The Broadbent Blog

THE HUB FOR CANADA’S LEADING PROGRESSIVE VOICES.

Disclaimer: the opinions expressed herein are those of the author and not necessarily those of the Institute.

David McNally: Addressing Inequality by Rebuilding the Labour Movement

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While growing social inequality is the product of a multi-pronged economic, political and cultural offensive by corporate power across the neoliberal era, the systematic weakening of trade unions looms especially large in the story. After all, unions have served as the most basic organizations for protecting and improving the wages and benefits of working people (including the unorganized). It is hard to see, therefore, how we will reverse the growing inequality gap without a considerable revitalization of the union movement.

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Andrew Jackson: The Distribution of Wealth: Implications for the Neo Liberal Justification for Economic Inequality

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Nobel Prize winning economist and political theorist Amartya Sen points out that “every normative theory of social arrangements that has at all stood the test of time seems to demand equality of something – something that is regarded as particularly important in that theory.” Even extreme neo liberals such as Robert Nozick who reject the goal of distributive justice and favour a maximum role for free markets and a minimum role for democratic governments demand equality of individual rights to freely participate in an economy based upon predominantly private ownership of property and free markets. Capitalism is all about equal access to individual freedom to deploy labour and capital as individuals see fit, as opposed to pre liberal economic systems based upon slavery and serfdom.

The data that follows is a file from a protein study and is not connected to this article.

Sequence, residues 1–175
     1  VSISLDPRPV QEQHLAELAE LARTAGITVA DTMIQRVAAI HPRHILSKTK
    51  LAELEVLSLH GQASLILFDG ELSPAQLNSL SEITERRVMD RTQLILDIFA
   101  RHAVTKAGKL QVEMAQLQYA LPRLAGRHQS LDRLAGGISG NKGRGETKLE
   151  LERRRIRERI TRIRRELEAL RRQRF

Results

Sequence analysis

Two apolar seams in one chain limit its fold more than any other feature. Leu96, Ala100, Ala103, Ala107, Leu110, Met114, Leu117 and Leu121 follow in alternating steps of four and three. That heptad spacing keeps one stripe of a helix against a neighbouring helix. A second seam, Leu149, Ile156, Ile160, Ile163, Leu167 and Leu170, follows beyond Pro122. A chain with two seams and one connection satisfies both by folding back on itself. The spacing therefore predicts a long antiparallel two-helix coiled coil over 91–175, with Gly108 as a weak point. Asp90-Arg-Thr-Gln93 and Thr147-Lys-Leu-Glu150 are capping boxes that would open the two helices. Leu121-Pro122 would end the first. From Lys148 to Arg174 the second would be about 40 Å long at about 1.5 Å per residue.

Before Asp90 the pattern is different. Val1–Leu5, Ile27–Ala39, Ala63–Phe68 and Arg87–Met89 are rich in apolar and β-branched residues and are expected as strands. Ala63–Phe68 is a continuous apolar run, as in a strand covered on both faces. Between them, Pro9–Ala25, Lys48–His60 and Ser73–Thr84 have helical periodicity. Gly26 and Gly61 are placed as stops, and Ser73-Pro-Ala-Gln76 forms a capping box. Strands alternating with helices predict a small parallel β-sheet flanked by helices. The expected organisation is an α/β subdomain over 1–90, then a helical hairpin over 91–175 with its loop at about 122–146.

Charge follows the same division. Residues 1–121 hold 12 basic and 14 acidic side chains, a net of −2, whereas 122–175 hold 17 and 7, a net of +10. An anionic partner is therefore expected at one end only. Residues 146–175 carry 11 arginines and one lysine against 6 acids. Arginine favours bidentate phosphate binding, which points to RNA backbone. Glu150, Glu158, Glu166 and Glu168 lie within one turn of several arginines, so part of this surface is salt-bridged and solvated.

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Why there is little satisfaction to be found in Canadian manufacturing

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On January 16, the Macdonald-Laurier Institute published a study by former Statistics Canada analyst Philip Cross, entitled “Dutch Disease, Canadian Cure.” It argues that “after 10 years of a muscular dollar, Canadian manufacturers have adapted well to a strong currency – demonstrating that Dutch Disease is economic myth rather than reality.”

Mr. Cross argues, quite reasonably, that high commodity prices are not the only reason for the strong appreciation of the Canadian dollar after 2000. However, as Mark Carney noted in a recent speech, they are an important part of the story, explaining about one half of the exchange rate appreciation.

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Martha Friendly: Why high-quality universal child care is part of a more equal Canada for all of us

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If anything positive has emerged from Canada's rising inequality, it is that a bona fide discussion about "the Canada we want" is becoming a mainstream staple of political dialogue. Not only politicians and pundits but also ordinary Canadians have begun to make the connections between health and wealth, public services and social justice, economics and the social sphere, democracy, taxation and fairness. These issues, occupying public attention since the recession began in 2008 gained strength when the Occupy Movement shone a global spotlight on inequality last year. 

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John Stapleton: A Ball Player, a Cop, a Janitor, and a Welfare Recipient

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To whom do we compare ourselves when we think about reducing inequality?

On June 6, 2012, former Toronto mayor John Sewell and conservative MPP Peter Shurman had the following exchange before the Ontario Parliamentary Committee Hearings on the Ontario Budget Bill (55):

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Why taxing pollution deserves serious discussion